Korean boy band BTS at the 32nd Golden Disc Awards on January 10, 2018. Photo: Wikipedia
Korean boy band BTS at the 32nd Golden Disc Awards on January 10, 2018. Photo: Wikipedia

Is this a problem that only K-pop band BTS should apologize for? The bottom line of a recent article in The Guardian titled “BTS should apologize to Japan and Nazi victims, says rabbi” was that many Japanese and Germans were reminded of past torments by the group’s attire, including the A-bomb design on a T-shirt worn by one of its members.

The interviewee in the article said an official apology of the band’s agency was required.

A couple of days ago, Big Hit Entertainment (the manager of BTS) issued an official statement that the group had no intention of hurting those who suffered from the atomic bombing of Japan at the end of World War II. Fine, the apology was called for, because regardless of the reasons, BTS still bear the responsibility for reminding the Japanese of their painful past.

But why did that painful past happen? Why did the historic atomic bombings occur?

I don’t want to deny that the decision to drop atomic bombs on Hiroshima and Nagasaki was one of the worst choices of mankind. However, it is important to remember that Japan was aggressively pursuing imperialism back then. So this tragedy of mankind, the atomic bombing, was caused by Japan, which was a war criminal. Thus it is hard for me not to feel that the order of apology should be reversed.

So let’s think again. Is this a problem that only BTS should apologize for? Is it reasonable to require that the assailant apologize to the victim?

I am not trying to advocate for BTS at all. But now that BTS have apologized, Japan must also look back at its own historical mistakes seriously. Yet the behavior of Japanese political leaders to date has only caused international anger. Rather than reflecting upon and apologizing for their nation’s war crimes, Japanese leaders have paid visits to the Yasukuni Shrine, where “Class A war criminals” were buried, thus paying tribute to them.

A couple of months ago, Prime Minister Shinzo Abe sent ritual offerings to the shrine, raising more international outrage. Yasukuni Shrine still serves as a holy place for right-wing forces to justify Japan’s imperialism.

However, when we look at Germany, another war criminal, there is a society that Japan could pay attention to and learn from. Stories of Nazi war criminals being caught 70 years after the end of the war still get touted in the media, and human-rights groups are still pursuing Nazi criminals who are 80 or 90 years old. Germany is showing a strong will to bring all those war criminals to justice. This is the difference between the faces that the two countries that caused World War II in the past are presenting today.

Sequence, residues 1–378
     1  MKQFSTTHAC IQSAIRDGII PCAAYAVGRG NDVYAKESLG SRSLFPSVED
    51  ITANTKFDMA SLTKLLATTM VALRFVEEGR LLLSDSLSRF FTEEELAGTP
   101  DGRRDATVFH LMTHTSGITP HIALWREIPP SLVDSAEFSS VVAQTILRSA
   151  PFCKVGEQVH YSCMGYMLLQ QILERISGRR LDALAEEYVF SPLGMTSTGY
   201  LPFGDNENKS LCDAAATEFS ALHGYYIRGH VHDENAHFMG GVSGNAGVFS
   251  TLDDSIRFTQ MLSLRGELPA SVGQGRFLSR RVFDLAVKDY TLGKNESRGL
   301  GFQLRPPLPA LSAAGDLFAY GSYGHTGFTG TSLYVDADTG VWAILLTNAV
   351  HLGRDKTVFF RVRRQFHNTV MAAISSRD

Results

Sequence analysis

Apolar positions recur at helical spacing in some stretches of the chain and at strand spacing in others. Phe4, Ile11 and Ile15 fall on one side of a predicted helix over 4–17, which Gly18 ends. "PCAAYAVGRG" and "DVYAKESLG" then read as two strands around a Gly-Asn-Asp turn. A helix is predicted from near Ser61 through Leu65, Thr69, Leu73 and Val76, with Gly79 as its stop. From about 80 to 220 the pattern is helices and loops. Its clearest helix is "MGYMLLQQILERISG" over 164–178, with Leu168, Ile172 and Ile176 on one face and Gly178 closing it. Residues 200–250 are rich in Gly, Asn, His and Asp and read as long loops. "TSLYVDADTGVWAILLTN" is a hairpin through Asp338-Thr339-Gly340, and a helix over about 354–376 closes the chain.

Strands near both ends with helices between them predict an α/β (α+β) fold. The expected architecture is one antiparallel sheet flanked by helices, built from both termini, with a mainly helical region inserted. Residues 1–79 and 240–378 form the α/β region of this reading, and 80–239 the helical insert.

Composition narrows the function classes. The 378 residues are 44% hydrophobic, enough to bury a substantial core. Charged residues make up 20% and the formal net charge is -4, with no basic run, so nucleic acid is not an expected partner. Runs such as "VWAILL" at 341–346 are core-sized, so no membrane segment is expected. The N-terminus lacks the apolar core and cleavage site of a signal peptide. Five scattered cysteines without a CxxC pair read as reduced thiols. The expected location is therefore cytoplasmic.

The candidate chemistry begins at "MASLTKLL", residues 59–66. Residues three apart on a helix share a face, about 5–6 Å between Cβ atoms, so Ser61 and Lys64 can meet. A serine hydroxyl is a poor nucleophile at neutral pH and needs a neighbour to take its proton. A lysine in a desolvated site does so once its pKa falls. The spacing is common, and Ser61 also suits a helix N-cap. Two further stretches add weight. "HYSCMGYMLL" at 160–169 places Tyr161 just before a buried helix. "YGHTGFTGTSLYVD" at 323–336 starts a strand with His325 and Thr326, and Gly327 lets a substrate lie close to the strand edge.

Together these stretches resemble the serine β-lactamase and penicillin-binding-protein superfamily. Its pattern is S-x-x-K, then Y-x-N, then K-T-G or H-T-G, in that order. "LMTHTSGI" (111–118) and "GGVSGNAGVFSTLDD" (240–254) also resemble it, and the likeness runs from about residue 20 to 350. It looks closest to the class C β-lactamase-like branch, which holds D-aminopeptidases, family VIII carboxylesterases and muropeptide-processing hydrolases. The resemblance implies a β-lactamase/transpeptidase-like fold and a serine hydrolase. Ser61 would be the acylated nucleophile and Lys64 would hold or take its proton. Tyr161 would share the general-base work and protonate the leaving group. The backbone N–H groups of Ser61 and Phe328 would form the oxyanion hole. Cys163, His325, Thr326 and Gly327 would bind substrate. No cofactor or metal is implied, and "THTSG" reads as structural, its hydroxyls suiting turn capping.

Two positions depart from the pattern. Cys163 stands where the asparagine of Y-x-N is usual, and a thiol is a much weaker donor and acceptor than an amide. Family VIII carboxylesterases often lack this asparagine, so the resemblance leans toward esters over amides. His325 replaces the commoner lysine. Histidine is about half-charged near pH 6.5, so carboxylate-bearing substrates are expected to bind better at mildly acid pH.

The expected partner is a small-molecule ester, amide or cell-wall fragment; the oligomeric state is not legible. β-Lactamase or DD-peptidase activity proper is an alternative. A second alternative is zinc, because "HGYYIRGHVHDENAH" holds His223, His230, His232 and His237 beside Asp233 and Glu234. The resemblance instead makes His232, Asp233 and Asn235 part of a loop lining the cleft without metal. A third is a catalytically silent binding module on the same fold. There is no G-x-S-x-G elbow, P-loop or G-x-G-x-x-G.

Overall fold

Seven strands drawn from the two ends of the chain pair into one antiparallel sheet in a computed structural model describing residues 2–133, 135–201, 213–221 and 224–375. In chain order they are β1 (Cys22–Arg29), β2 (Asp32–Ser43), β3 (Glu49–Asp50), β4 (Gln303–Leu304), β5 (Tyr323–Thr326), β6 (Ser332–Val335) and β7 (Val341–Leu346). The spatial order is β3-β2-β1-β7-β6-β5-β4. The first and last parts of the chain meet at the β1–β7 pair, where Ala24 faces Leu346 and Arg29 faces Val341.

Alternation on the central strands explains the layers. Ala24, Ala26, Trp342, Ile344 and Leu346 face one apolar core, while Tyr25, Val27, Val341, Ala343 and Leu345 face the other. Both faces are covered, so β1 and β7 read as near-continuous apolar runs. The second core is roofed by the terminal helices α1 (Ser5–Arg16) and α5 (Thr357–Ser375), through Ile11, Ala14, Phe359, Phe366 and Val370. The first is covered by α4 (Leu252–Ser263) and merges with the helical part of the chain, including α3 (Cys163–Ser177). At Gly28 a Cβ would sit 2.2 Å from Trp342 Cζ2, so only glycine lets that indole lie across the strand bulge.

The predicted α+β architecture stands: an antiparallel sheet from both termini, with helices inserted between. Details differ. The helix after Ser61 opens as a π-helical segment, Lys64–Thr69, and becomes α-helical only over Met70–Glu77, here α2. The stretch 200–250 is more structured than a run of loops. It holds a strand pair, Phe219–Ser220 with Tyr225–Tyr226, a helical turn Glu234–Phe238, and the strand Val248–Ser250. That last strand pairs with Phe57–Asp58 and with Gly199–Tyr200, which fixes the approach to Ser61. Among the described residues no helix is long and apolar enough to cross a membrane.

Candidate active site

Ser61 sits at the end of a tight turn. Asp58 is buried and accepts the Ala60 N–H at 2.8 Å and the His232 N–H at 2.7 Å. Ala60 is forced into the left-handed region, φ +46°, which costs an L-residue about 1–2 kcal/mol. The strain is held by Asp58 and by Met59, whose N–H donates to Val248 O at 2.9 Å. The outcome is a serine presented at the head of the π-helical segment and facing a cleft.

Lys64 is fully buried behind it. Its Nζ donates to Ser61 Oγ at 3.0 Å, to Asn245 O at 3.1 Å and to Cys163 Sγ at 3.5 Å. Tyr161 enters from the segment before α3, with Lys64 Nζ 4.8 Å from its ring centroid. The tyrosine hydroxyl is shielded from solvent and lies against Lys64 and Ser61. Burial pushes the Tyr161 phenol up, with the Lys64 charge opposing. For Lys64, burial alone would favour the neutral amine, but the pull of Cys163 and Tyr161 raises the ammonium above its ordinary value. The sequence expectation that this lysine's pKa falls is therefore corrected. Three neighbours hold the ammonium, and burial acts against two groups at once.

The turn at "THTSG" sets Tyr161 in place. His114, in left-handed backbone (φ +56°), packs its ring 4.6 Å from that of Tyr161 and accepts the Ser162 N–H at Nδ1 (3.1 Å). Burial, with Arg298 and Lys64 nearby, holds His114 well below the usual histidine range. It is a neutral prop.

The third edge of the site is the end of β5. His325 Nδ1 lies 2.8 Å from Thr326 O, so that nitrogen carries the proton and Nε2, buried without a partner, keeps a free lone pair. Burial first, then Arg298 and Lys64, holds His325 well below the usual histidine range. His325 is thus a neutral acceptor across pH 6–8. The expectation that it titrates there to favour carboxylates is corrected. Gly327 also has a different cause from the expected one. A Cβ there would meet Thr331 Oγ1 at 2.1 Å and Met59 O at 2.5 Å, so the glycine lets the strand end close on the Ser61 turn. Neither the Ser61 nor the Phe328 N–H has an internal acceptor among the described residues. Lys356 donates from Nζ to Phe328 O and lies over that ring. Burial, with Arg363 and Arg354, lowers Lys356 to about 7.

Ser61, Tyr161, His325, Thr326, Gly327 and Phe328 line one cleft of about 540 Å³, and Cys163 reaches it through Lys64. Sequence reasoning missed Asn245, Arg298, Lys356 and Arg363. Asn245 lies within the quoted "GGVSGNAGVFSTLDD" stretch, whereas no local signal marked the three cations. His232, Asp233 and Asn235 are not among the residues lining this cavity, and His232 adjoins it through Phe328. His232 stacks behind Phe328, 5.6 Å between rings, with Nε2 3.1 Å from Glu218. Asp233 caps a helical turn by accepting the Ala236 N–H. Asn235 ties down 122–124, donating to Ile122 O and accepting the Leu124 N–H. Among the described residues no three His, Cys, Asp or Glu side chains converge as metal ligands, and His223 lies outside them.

So let’s think again. Is this a problem that only BTS should apologize for? If Japan wants an apology for the deaths of a large number of Japanese civilians by the atomic bombing, it is a good idea to apologize first for the mistakes made during the Japanese imperialism in the past.

Again, BTS’s apology was very appropriate and the right choice. Seven Korean young people sincerely apologized to those who might have felt uncomfortable because of the A-bomb design on the T-shirt. And they promised that this would never happen again. It is a “beautiful picture” indeed.

However, to make this picture more beautiful, Japan’s own determination to apologize for its own wrongs, and putting that apology into action, are necessary.

There is a sage Korean proverb: “You get angry at others for your  own mistakes.” So, Japanese society, please think again. Is this a problem that only BTS should apologize for?

Chang H. KIM

Chang H. KIM is a research fellow at The Cairns Institute, Australia. He serves as Director of the Korean Association of Human Resource Development in South Korea. He is a frequent contributor to leading media outlets in South Korea. He tweets at twitter.com/ChangKIM_PhD

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